The recent assembly polls showed that the BJP’s stock was down in Telangana; in Andhra Pradesh it is frowned upon for denying special category status.
The Bharatiya Janata Party (BJP) is facing a serious crisis in Telangana and Andhra Pradesh. A few months away from general elections, the chances of retaining or winning new seats are slim for Prime Minister Narendra Modi’s party. That’s the bad news for the party; the good news for the BJP is that both the Congress and the Telugu Desam Party (TDP) might not have it easy in either of the states.
In 2014, the BJP won three of the combined 42 Lok Sabha seats in Andhra Pradesh and Telangana after joining hands with ally-turned-bitter-rival TDP. Though the BJP won an impressive 282 seats across India, its performance in the newly-bifurcated states was not the best compared to previous terms.
BJP’s lost opportunity
In the last four-and-a-half years this was expected to change, especially with the RSS favourites and top BJP strategists Ram Madhav and Muralidhar Rao (who hail from these states) strengthening the party. That did not happen. On the contrary, in the recently-held state elections in Telangana, the BJP’s representation came down to just one from five MLA’s in 2014. In Andhra Pradesh too they seem to be in trouble, as the party is facing the heat for failing to grant the state a special category status.
However, not all is lost for the saffron party.
In these two states, the BJP is not expecting to win a significant number of seats, but it will work to ensure that its main opponents lose a great deal. In other words, the BJP would like to pull down with it the Congress in Telangana and the TDP in Andhra Pradesh. A bad show for the Congress and the TDP in these two states will weaken the Mahagathbandhan (grand alliance).
On Sunday, Modi participated in BJP’s Praja Chaitanya Sabha in Guntur near Amaravathi, Andhra Pradesh’s capital. Being former allies it was easier for Modi to accuse Naidu of amassing wealth from the development funds sanctioned by the Centre for the state. Modi also said that Naidu parted ways with the BJP because he did not like being held accountable. The second half of Modi’s speech on Sunday gives a clear hint that in the days ahead Naidu and his close associates will be repeatedly attacked on corruption charges.
In Telangana, both the BJP and K Chandrashekar Rao’s Telangana Rashtra Samithi (TRS) have a common enemy in the Congress. The TRS would want to keep the Congress, which is the main opposition in Telangana, at bay — this suits the BJP as long as the Congress does not win considerable number of Lok Sabha seats from the state.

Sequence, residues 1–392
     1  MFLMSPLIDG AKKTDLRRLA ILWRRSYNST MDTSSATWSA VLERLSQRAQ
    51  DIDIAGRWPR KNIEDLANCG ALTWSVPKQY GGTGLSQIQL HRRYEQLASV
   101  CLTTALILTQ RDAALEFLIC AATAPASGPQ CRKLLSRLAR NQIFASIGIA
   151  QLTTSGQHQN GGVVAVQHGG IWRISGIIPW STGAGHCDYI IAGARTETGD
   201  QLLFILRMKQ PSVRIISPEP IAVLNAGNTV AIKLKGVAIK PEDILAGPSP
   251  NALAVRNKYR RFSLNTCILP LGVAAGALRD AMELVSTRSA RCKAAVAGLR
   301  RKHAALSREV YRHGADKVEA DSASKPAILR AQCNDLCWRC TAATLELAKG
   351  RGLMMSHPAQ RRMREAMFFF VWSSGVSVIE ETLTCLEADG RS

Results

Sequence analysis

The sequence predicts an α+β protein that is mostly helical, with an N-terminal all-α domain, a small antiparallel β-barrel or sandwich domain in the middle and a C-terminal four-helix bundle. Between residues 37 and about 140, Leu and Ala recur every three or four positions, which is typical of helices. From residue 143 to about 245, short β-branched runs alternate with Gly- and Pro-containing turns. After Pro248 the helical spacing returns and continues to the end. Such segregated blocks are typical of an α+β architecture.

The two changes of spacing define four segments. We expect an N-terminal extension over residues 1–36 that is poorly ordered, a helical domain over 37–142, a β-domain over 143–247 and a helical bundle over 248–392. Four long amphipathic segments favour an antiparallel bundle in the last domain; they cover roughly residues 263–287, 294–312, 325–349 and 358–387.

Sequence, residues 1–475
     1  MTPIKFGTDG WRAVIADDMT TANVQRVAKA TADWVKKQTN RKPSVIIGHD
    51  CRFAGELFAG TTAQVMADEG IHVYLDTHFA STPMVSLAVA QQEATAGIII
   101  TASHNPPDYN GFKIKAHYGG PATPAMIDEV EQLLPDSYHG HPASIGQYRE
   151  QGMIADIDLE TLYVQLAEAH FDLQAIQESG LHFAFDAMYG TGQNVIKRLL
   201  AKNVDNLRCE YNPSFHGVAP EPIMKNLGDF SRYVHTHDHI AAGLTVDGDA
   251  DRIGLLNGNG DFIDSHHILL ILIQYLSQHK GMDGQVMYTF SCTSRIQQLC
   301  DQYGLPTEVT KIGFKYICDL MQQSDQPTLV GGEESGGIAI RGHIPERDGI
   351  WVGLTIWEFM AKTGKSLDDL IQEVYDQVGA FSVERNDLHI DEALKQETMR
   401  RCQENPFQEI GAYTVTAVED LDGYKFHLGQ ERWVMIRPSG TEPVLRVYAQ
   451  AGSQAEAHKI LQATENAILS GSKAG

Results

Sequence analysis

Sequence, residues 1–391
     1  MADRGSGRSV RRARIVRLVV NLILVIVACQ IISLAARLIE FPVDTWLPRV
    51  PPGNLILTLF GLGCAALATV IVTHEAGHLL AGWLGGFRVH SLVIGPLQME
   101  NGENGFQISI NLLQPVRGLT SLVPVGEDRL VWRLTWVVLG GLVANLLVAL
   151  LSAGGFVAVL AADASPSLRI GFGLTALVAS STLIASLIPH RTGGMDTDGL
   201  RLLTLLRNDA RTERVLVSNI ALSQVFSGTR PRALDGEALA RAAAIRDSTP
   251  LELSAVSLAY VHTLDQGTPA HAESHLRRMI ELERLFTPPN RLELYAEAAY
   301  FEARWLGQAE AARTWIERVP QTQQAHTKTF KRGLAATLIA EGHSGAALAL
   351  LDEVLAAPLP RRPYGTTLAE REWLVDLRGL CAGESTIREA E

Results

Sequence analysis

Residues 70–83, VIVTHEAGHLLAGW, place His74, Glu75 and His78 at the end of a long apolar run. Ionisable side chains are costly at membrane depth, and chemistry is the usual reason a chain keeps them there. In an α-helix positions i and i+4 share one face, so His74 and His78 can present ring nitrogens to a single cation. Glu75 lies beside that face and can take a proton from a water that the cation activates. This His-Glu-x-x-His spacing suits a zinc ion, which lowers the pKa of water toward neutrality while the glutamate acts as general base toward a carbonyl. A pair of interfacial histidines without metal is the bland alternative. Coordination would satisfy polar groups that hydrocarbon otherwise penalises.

The ground realities
In Andhra Pradesh, both the state and general elections will take place simultaneously. In the process of trying to boost his image and play a key role in Delhi, Naidu is utilising all his energy, resources and time on fighting the BJP, which is an insignificant player in state politics. Meanwhile, the main opposition party, the YSR Congress, is gaining ground in Andhra Pradesh. YSRC leader YS Jagan Reddy’s one-year-long padayatra and the increasing anti-incumbency has made him the frontrunner for the CM’s post — an indicator reflected in various surveys by different agencies.
Actor Pawan Kalyan’s Jana Sena is still to make any mark even though the star has been holding rallies and meetings for some time now.
Though the Congress has said that it will contest on its own, it most certainly has a secret understanding with the TDP in some seats to benefit the grand alliance. Thus, Andhra Pradesh is likely to witness a multi-cornered contest with the TDP, the YSRCP, the BJP, the Congress and the Jana Sena in the fray with no open tie-ups for the 175 assembly and 25 Lok Sabha seats.
In Telangana, the TRS is brimming with confidence because of its recent win in the state elections. It looks like its victory run will continue even in the general elections as it is poised to win a majority of 17 seats. The Congress, the TDP and the BJP will have to fight really hard for whatever little chance they have for winning the remaining seats.
In the days ahead it will be clear which party joins which alliance: the anti-BJP Mahagathbandhan or the anti-BJP, anti-Congress federal front. While Naidu is trying to be the architect for the grand alliance, Rao has been voicing support for the federal front. Supporting Rao is Asaduddin Owaisi’s AIMIM. The YSRCP has also been invited to join the federal front, but Jagan is yet to commit.
For now, it is safe to assume that every political party is on its own in Telangana and Andhra Pradesh.
Amar Devulapalli is a Hyderabad-based senior journalist. Views are personalFor more Opinion pieces, click here.